9 Surprising Triggers of Gout Pain

Dietary factors, such as red meat and alcohol, have long been known to trigger gout pain, but medications and medical conditions can be a problem too.
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Aspirin

Aspirin drives up the amount of uric acid in your blood. At high enough levels, uric acid deposits in joints (especially in the big toe and fingers) and forms the razor-sharp crystals responsible for gout.

If you take low-dose aspirin to reduce your risk of heart disease, don’t skip your daily pill for fear of gout. Instead try to avoid other gout risk factors (such as food triggers). If your uric acid levels are still high, medications can help reduce them, Dr. Saag says.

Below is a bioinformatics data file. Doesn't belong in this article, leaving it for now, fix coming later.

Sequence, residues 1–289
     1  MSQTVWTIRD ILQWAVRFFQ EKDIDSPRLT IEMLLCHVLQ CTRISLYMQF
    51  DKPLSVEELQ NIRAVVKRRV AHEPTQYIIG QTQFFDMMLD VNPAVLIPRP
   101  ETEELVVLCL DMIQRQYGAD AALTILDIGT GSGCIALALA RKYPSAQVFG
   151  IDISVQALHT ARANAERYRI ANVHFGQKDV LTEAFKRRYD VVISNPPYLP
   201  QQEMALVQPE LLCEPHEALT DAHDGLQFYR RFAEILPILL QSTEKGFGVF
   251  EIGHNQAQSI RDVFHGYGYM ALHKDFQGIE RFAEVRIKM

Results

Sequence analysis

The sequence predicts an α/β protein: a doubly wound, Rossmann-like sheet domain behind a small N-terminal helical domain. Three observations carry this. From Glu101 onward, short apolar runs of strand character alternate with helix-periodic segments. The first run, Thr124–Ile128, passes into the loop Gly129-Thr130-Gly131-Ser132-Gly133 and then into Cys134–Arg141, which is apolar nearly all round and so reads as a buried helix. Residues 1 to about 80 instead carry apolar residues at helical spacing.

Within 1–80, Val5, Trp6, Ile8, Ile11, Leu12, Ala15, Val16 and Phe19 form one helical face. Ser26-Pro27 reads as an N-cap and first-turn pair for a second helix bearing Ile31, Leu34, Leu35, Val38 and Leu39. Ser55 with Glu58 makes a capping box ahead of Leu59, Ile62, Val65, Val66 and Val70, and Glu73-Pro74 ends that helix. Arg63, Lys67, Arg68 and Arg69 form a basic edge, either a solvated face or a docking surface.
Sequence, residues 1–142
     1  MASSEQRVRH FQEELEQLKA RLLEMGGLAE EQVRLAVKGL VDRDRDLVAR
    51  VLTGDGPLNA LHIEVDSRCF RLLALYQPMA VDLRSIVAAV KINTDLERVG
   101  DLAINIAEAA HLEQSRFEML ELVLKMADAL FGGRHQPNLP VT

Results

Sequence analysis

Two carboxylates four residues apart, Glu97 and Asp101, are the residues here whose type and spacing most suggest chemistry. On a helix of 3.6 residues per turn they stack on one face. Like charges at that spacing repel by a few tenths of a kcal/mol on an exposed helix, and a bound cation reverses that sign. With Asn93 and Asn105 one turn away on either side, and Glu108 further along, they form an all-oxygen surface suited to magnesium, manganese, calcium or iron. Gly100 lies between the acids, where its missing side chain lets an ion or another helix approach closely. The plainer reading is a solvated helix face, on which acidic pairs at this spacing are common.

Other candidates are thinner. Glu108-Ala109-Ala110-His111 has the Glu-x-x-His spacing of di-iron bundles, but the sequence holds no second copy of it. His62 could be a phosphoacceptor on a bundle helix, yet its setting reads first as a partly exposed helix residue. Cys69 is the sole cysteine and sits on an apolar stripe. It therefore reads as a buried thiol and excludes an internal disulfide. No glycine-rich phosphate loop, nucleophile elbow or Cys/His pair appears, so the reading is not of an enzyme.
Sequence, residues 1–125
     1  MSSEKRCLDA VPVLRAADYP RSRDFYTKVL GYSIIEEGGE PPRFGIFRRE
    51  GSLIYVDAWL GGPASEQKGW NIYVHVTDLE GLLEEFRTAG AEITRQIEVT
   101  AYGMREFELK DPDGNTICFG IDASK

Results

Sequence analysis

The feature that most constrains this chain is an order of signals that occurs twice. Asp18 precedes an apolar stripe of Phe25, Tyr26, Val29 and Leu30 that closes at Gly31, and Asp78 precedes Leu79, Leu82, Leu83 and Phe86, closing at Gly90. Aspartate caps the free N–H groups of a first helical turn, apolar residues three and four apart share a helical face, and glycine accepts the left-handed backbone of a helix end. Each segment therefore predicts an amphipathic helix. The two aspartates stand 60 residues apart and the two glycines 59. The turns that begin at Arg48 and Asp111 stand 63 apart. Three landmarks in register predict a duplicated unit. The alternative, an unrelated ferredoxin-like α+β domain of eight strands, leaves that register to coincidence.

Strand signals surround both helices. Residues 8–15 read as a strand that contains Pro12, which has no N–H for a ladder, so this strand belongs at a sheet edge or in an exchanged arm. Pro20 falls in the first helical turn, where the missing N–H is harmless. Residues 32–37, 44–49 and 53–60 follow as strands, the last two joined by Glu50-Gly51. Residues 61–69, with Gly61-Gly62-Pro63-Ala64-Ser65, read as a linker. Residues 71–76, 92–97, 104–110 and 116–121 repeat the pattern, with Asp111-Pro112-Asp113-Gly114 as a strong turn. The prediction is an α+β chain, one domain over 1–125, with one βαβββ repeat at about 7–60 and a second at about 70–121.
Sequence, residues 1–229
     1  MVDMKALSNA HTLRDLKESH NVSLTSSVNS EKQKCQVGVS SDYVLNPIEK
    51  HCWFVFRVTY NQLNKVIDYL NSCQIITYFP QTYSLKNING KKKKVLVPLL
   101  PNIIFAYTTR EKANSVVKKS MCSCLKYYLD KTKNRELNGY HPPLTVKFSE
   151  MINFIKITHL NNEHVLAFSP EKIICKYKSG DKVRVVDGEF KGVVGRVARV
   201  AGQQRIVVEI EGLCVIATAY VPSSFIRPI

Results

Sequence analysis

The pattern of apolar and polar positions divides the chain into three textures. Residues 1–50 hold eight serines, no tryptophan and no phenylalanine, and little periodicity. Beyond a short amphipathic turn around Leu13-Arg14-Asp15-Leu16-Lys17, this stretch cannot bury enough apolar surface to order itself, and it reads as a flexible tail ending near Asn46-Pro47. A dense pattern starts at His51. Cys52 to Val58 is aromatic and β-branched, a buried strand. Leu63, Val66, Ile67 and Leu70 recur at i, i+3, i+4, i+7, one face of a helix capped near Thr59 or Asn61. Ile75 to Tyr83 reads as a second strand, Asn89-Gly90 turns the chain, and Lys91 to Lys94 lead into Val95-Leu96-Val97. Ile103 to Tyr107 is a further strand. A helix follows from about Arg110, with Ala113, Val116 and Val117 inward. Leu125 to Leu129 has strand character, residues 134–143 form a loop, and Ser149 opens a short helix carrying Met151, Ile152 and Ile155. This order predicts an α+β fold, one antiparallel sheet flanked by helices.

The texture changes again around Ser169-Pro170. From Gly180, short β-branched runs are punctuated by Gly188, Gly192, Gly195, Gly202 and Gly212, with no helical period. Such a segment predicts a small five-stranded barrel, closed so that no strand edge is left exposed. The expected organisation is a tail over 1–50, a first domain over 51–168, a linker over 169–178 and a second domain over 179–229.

For occasional pain, acetaminophen (Tylenol) or ibuprofen (Advil) might be better for the gout-prone.

Next: Diuretics

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